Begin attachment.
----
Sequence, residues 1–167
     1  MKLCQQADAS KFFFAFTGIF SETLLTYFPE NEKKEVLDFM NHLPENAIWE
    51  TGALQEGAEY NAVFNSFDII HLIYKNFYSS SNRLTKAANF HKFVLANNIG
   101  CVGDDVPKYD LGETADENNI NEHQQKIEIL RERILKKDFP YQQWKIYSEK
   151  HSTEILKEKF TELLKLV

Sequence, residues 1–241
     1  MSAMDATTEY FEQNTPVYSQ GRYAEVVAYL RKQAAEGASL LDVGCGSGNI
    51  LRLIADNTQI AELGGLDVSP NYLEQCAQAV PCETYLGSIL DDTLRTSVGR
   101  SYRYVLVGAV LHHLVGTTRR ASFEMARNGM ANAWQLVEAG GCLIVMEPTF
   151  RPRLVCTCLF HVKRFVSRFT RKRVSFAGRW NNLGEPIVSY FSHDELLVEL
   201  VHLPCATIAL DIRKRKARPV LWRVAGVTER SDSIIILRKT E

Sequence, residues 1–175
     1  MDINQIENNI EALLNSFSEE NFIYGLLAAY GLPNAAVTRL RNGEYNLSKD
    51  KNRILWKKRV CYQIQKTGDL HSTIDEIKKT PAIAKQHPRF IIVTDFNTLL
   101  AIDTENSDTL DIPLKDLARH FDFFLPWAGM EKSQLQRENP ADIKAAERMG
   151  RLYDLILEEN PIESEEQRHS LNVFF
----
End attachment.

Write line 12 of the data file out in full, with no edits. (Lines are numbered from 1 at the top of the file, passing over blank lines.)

Sequence, residues 1–175